Who creates viruses worms or spyware

Information and facts about computer viruses and malware

PC, Mac, smartphone and tablet users are constantly exposed to the threat of new computer viruses and malware variants. To protect yourself from this, you need to know your opponent. Below are the main types of malware and their potential impact.

Brief overview

The term "malware" - an amalgamation of the words "malicious" and "software" - is used today to describe malicious programs of all kinds on computers or mobile devices. These programs are installed without the user's consent and can have a number of unpleasant consequences. For example, they can reduce system performance, search for personal data within your system, delete information or even affect the operation of computer-controlled hardware. Hackers are developing more and more sophisticated methods of breaking into systems, creating a flood of the malware market. Let's take a look at some of the most common types of malware.

1. Computer viruses

Computer viruses get their name from their ability to "infect" multiple files on a computer. They spread to other devices when they send infected files via email or via a removable storage device such as a computer. B. a USB stick or (back then) a floppy disk. According to the National Institute of Standards and Technology (NIST), the first computer virus called "Brain" was developed in 1986. Tired of customers illegally copying software from their store, two brothers developed the virus to infect the boot sector of software thieves' floppy disks. This is how the virus was passed on when the floppy disks were copied.

2. worms

Unlike viruses, worms do not rely on human help to spread: they infect a device and then use computer networks to spread to other computers - without user intervention. By identifying vulnerabilities in the relevant networks, such as If, for example, vulnerabilities in e-mail programs are exploited, worms can send thousands of copies of themselves to infect new systems and rerun the process. While many worms used to only consume system resources and thus reduce performance, most new worms contain so-called "payloads" which are used to steal or delete files.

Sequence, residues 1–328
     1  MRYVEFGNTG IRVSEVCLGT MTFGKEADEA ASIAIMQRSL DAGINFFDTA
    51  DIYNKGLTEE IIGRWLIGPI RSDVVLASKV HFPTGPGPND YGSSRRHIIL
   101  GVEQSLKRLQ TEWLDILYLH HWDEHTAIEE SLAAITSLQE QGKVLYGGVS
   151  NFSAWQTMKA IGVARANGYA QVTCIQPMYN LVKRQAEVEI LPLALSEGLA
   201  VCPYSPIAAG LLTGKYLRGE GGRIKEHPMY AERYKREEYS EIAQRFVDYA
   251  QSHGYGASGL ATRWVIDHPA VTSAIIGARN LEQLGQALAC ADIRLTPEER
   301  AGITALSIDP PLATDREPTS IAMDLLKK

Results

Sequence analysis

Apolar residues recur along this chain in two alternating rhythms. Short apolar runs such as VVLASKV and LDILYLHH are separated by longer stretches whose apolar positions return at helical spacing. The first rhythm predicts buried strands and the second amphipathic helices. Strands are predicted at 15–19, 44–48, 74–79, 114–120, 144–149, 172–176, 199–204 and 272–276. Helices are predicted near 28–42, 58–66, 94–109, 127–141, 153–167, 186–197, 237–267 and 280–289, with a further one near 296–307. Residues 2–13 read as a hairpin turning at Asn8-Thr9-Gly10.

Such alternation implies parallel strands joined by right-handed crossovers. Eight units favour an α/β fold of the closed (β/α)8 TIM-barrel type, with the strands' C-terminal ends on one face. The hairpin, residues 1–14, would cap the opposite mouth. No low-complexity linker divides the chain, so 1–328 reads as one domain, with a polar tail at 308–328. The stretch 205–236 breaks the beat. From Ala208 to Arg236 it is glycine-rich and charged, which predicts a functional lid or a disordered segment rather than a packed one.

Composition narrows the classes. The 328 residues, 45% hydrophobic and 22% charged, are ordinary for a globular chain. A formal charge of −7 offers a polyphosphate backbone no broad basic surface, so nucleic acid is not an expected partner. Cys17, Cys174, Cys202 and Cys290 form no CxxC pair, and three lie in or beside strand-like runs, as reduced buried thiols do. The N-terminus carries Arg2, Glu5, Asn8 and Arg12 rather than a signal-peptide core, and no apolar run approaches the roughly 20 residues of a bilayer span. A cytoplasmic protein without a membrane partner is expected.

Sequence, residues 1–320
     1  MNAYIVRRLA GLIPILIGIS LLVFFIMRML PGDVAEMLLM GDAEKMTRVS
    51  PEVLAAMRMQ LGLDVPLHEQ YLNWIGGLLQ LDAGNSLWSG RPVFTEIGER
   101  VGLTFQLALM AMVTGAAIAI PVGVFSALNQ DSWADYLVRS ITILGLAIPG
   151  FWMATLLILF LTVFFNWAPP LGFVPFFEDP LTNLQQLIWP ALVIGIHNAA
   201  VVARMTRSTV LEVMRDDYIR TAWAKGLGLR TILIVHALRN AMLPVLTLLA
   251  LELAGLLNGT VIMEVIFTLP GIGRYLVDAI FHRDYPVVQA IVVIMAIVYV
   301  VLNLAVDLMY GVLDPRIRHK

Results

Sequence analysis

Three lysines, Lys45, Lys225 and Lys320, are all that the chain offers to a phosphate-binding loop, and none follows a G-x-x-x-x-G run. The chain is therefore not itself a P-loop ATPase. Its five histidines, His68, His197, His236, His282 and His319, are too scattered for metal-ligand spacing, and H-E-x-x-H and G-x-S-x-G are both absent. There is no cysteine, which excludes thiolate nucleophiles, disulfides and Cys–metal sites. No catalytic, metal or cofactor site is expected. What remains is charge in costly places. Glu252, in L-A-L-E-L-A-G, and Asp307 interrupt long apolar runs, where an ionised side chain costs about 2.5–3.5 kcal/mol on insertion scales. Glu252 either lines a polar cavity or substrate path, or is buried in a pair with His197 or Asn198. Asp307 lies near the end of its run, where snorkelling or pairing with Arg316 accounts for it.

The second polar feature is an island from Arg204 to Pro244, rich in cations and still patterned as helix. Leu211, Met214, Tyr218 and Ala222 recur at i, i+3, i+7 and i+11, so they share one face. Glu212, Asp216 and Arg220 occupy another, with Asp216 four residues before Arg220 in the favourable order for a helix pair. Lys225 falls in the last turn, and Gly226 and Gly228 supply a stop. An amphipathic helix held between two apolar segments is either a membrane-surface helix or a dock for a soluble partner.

3. Adware

One of the most prevalent online annoyances is adware. These programs automatically display advertisements on the host computer. Well-known types of adware are, for example, pop-up advertisements on websites or advertisements integrated into supposedly free applications. While many adware are relatively harmless, there are variants that use tracking tools to determine your location or browsing history and to display targeted advertisements on your screen. BetaNews even reports a new form of adware that can disable your antivirus software. Because adware is installed with the knowledge and consent of the user, it cannot be classified as “malware”. This is why it is often referred to as a "potentially unwanted program".

4. Spyware

Spyware (short for "spy software") does exactly what its name suggests: it spies on your computer. It collects data such as B. Your keystrokes, browsing habits, and even login details, which are then sent to third parties - usually cyber criminals. It can also change certain security settings on your computer or affect your network connections. According to TechEye, new types of spyware are even giving companies the ability to track the behavior of their users across devices without their consent.

5. Ransomware

Ransomware infects your computer and encrypts confidential data, such as B. personal documents and photos, and asks a ransom for their decryption. If you refuse to pay, the data will be deleted. Some ransomware variants also block all access to the computer. The ransom demands may claim that they are legitimate law enforcement agencies who caught you doing illegal activity. In June 2015, the FBI's Internet Crime Complaint Center received complaints from users who had suffered a total of $ 18 million in damage from a common ransomware called CryptoWall.

6. Bots

Bots are programs that are supposed to automatically perform certain actions. They serve many legitimate purposes, but they can also be misused as a type of malware. Once on a computer, bots can trick the device into executing certain commands - without the knowledge or even consent of the user. Hackers can also attempt to infect multiple computers with the same bot to create a so-called “botnet” (short for “robot network”) that can be used to remotely control the infected computers. Cybercriminals use a botnet to steal confidential data, spy on the activities of their victims, automatically spread spam or carry out devastating DDoS attacks on computer networks.

7. Rootkits